In the present study the height of A group was higher than B group judo players with a statistically significant difference. A study done on Polish judo players concluded that the body height of the fighters was moderately connected with the preferred techniques in combat. Hand techniques were preferred by short and medium-height fighters and leg techniques by tall fighters 
. In this study, there was no significant difference in body weight of the two judo groups and a non significant negative correlation (r
=-0.09) () between body weight and performance in the SJFT was observed. Few studies have got a significant difference indicating that heavier athletes present a lower anaerobic power in activities that involve throwing opponents from the same category [10, 11]
Despite there being no difference between the groups in anthropometrical characteristics, it is important to note that the body fat percentage was the same in both groups but, when compared to data on non players of same age from literature there was a huge difference that indicates that judo players were lean, this supports the assumption that judo players try to maximize lean body mass and minimize fat mass. It may also be just a reflection of physiological adaptations to long-term judo training [11–14]
. Previous studies give the body fat percentage values of different judo players as follows: Hungarian team(8.9%), Canadian team (12.3%), Japanese (16.2%), Brazilian team (13.7%) and North American team (8.3%) 
. Body fat % in this study was (11.9% and 13.8%) for A and B group respectively. Negative correlation (r = -0.690) of body fat % and motor performance (number of throws in SJFT) () observed in the present study correlates with other studies [10, 15, 16]
. Indicating that as the fat % increases the performance of the athlete comes down. Difference in mean group indices of body mass index of two judo groups turned out to be statistically insignificant. This result corroborates with a result of study done on senior and junior players of Poland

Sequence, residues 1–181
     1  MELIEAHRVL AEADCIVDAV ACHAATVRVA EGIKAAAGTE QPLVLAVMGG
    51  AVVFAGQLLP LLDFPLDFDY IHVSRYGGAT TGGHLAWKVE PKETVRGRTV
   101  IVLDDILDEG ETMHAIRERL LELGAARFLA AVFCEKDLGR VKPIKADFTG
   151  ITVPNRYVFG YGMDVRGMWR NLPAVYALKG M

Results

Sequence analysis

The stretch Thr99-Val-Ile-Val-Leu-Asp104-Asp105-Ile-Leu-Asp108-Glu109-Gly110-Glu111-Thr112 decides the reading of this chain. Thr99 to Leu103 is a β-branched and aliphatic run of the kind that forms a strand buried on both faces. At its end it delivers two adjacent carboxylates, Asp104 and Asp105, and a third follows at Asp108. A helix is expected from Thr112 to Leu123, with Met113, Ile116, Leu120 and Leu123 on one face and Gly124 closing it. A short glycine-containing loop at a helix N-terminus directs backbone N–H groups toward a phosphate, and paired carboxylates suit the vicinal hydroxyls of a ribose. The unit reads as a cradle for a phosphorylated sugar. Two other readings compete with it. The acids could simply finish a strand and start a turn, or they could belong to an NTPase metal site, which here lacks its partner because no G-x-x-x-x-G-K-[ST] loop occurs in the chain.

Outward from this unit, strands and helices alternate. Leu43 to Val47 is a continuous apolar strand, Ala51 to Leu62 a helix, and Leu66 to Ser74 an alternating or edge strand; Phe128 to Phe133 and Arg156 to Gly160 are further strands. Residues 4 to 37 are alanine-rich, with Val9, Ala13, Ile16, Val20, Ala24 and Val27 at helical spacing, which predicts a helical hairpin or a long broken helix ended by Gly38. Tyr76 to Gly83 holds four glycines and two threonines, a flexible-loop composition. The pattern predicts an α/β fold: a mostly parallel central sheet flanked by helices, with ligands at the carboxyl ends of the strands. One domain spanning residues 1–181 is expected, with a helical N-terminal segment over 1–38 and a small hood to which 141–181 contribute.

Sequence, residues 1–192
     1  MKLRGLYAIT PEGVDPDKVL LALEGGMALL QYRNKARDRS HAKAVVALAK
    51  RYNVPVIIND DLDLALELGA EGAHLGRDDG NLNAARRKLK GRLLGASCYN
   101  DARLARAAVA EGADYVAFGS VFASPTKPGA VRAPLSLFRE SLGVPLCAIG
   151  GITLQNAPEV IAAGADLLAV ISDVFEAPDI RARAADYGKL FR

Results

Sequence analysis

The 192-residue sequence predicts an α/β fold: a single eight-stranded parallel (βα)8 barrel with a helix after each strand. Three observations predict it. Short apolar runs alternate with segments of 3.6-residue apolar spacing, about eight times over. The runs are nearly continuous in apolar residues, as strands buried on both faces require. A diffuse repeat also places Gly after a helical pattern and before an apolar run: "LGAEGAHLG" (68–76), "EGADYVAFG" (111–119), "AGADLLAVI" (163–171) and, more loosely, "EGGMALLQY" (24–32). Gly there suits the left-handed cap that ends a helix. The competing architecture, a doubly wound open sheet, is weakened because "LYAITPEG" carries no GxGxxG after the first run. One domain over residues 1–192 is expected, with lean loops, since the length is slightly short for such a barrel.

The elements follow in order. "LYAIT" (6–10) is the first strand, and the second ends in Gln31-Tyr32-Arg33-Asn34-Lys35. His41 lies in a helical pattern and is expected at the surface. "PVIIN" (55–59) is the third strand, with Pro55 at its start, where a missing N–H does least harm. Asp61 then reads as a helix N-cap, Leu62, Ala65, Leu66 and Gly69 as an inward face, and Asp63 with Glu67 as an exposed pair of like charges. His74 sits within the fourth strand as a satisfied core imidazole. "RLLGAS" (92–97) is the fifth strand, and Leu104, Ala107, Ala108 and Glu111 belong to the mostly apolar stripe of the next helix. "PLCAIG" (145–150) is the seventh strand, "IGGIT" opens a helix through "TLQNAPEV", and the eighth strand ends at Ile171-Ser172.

. One study reported that elite judo athletes had higher circumferences (flexed arm, forearm, wrist, and medial calf) than non-elite judo players 
. In the present study both groups had similar values in all these circumference measures. This finding corroborated with one of the studies, which reported that there were no differences in circumferences between the competing vs
. non-competing judokas 
. A study on Brazilian elite and non elite players showed no difference in any skinfold measure which was a finding in this study also 
. This might be due to similar training sessions for all the players.
The best proof of physical capacity is the practice of the sport. Therefore, the effects of endeavor in this discipline may be assessed on the basis of the competitor's maximum metabolic abilities clashing with each other during combats 
. In this study in SJFT not much difference was seen in number of throws, heart rate or SJFT Index between two judo groups. This finding was similar to the studies done before [15, 18]
which indicates the same level of development and similar cardiovascular stress during this test for both groups. Recently a normative table was proposed to classify performance in the SJFT 
. The athletes of the present study are classified as good in all variables in this test (number of throws, heart rate after, heart rate 1 min after, and index). Two studies reported a higher number of throws and a lower index in judo players (Brazilian and Polish) at the national level compared to athletes at a lower level [10, 20]
. A decrease in the heart rate (HR) at the end of the test with a given number of throws proves the efficiency of the cardiovascular function in the two groups. Decrease in the same heart rate after 1 min of the test proves better regeneration and reflects the improvement in the aerobic function.
Limitations of this study are a small sample size and inability to evaluate physiological and biochemical features of our athletes. The data provides the judo player with information on ideal profile and where training might be directed to compensate for areas where the athlete is below average for successful judo players. A judo player who does not match the ideal profile can still succeed through improved or superior techniques and tactics.